The order of prayer
O God, Who in Saint Frances of Rome, has given us a model of holiness in married life and of monastic conversion, make us serve You perseveringly, so that in all circumstances we may set our gaze upon You and follow You.
This painting given here for today’s lectio is attributed to Antonio del Massaro da Viterbo, depicts Saint Frances of Rome (1384-1440) being clothed by the Mary in the white veil of her Benedictine movement that, even today, characterizes the Olivetan Benedictine Oblates of Mary she founded in 1425.
Mary, Mother of God wears a mantle of gold, which Saint Paul at the left wraps around Frances Romana. The presence of certain saints is instructive: the great evangelizer, Saint Paul, Saint Mary Magdalene (the Apostle to the Apostles and dressed in red) and Saint Benedict, the Father of Western Monastic Life, with the various ranks of angels, including Francesca’s Guardian Angel. Magdalene and Benedict wrap/invest the mantle on the gathered Oblates.
The angel below the Gothic windows is busy carding golden threads with a warp and loom. Nearby are two frisky dogs and two cats, a frequent sight in Rome. The Oblate Congregation, commonly thought to be woven together by heavenly graces and harassed by evil spirits. The evil one is given flesh in the form of cats and dogs. As a testimony of grace the Oblates flourish today at Tor de’Specchi. Several years ago I had the privilege with many others to pray in this monastery opened to the public only Saint Frances’ feast day.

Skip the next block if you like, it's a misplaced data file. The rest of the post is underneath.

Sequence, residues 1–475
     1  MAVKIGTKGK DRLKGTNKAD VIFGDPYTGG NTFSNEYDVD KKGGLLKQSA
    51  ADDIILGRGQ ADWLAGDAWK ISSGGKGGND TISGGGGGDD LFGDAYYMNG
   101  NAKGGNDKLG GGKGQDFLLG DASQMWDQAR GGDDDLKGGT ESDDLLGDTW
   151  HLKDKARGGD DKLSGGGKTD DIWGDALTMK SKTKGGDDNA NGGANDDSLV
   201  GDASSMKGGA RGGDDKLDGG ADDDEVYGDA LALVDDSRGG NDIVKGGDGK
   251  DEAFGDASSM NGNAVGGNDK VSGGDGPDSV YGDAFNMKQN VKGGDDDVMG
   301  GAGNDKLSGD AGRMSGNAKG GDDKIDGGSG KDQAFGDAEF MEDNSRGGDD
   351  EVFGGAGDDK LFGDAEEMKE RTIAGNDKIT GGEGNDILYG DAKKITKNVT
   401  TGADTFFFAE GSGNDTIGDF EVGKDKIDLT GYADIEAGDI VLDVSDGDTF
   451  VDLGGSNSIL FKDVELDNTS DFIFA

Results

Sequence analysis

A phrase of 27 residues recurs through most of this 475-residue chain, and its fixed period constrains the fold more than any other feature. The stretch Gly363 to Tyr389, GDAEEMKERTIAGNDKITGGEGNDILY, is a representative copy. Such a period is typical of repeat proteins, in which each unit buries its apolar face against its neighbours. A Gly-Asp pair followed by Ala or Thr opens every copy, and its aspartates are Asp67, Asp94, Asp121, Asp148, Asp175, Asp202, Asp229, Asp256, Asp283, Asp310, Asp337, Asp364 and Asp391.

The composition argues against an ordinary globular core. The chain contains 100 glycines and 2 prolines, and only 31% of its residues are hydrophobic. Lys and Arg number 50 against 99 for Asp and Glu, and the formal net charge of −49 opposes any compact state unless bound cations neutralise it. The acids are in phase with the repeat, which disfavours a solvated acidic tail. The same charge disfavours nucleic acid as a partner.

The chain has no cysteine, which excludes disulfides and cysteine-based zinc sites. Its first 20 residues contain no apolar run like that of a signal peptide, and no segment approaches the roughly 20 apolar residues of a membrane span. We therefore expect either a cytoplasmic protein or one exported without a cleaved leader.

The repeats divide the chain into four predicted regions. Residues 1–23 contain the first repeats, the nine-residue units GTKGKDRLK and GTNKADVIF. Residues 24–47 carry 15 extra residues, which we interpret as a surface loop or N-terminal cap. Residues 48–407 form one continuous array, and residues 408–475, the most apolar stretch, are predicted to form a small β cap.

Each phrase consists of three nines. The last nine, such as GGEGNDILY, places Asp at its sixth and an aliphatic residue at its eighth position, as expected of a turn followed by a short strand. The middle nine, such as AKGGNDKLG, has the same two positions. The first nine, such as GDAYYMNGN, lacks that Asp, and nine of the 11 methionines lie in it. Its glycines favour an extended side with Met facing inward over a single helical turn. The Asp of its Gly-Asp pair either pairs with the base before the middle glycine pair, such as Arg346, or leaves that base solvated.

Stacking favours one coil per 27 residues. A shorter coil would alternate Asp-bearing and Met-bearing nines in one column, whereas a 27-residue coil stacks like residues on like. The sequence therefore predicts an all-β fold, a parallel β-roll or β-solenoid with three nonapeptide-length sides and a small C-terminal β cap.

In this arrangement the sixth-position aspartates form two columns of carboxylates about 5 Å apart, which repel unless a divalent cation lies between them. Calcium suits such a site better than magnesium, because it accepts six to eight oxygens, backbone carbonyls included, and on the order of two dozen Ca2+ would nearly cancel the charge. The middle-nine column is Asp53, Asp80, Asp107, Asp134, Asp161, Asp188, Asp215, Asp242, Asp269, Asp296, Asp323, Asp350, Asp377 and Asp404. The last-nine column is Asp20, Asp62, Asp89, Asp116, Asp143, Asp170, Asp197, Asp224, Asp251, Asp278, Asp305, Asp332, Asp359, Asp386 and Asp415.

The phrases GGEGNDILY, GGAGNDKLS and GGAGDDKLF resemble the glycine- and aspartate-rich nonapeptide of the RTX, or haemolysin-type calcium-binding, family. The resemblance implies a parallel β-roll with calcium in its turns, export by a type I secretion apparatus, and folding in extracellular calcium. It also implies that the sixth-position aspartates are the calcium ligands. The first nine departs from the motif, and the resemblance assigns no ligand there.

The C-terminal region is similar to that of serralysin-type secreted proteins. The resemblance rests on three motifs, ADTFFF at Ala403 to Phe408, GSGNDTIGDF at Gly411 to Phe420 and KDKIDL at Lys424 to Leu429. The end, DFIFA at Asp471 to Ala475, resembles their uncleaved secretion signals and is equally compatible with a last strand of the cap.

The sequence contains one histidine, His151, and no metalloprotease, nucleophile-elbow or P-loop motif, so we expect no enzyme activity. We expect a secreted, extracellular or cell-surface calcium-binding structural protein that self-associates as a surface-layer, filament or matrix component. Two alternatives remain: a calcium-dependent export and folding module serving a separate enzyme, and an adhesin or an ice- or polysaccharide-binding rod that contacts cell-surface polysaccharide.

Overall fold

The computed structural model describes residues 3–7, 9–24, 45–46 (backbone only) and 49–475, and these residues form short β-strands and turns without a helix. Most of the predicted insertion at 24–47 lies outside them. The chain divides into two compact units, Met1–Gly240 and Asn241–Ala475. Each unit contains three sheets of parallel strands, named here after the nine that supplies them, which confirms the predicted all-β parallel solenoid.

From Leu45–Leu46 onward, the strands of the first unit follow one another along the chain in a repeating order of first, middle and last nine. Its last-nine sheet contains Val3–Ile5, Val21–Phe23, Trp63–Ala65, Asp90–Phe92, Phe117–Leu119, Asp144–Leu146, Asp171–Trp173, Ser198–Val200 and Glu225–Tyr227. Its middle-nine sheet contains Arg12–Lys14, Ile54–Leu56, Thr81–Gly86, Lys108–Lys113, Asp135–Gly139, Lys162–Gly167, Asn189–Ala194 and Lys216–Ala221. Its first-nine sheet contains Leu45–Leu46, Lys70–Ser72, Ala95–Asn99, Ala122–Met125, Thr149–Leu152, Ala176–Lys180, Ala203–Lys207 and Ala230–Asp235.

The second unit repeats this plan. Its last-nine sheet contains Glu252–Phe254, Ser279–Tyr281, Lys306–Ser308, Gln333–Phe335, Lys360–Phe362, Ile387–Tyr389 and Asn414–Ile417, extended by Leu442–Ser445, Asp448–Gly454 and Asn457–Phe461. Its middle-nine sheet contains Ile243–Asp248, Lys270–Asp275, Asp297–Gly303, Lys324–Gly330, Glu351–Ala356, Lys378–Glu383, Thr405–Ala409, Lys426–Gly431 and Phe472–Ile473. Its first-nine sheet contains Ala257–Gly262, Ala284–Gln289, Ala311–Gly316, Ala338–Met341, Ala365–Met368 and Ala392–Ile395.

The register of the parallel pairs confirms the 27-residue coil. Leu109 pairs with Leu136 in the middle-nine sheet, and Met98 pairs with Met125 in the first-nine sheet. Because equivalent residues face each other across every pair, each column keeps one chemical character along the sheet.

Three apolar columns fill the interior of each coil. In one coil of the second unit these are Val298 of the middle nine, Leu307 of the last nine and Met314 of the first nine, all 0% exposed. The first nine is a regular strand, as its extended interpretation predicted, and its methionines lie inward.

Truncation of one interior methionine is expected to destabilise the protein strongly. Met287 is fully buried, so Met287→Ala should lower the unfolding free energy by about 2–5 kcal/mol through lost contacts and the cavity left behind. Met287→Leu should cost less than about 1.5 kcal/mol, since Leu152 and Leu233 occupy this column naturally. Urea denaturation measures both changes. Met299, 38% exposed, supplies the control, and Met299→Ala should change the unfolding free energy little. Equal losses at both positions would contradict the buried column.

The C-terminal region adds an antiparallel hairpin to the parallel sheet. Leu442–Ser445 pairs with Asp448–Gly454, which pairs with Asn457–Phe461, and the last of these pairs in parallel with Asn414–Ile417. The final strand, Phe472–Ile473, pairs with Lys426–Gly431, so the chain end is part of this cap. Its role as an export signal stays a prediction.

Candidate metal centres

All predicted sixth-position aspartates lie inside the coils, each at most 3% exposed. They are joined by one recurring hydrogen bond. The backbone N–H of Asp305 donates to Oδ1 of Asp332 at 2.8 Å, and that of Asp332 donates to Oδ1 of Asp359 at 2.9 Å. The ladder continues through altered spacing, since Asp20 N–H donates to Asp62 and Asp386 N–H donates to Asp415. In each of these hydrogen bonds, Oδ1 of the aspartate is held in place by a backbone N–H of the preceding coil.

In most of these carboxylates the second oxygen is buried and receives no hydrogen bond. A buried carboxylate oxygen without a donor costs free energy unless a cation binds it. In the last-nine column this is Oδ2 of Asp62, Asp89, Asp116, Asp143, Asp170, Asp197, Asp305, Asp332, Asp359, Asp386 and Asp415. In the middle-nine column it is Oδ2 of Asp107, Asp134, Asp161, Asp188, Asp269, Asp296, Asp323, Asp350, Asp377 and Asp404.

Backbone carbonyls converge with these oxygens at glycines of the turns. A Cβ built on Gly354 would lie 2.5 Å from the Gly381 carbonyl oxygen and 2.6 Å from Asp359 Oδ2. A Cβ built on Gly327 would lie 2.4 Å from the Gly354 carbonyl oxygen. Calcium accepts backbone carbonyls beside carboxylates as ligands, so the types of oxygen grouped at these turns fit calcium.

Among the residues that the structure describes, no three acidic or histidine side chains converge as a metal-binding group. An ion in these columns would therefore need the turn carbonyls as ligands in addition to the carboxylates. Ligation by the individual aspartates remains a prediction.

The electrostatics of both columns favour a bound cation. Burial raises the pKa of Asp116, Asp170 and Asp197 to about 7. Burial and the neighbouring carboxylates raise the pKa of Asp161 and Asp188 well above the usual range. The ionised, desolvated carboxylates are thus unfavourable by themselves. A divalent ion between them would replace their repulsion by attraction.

I have longed hoped that the Oblates of Saint Frances of Rome would found a house in the USA. We are ready for this witness.
Saint Peter Damian is most known as the 11th century-Ravenna-born-monk and author. Peter was, in fact, a hermit. He was keen on the rights of the Church but also with the personal renewal and reform (i.e., conversion) as being an authentic witness to the gospel. The the primacy of discipleship with Christ as Lord and Savior was key. He was a Doctor of the Church.
In 2007, Pope Benedict dedicated a letter to the religious superior of the Monastery of San Gregorio al Celio, Father Guido Gargano on the 1000th anniversary of Saint Peter Damian’s birth. Read it here.
With Pope Benedict’s impending renouncing of the Peterine ministry, one can’t help but thinking that Saint Peter Damian is a personal model for Benedict’s forthcoming monastic retreat.
With the Church we pray,
Grant, we pray, almighty God, that we may so follow the teaching and example of the Bishop Saint Peter Damian, that, putting nothing before Christ and always ardent in the service of your Church, we may be led to the joys of eternal light.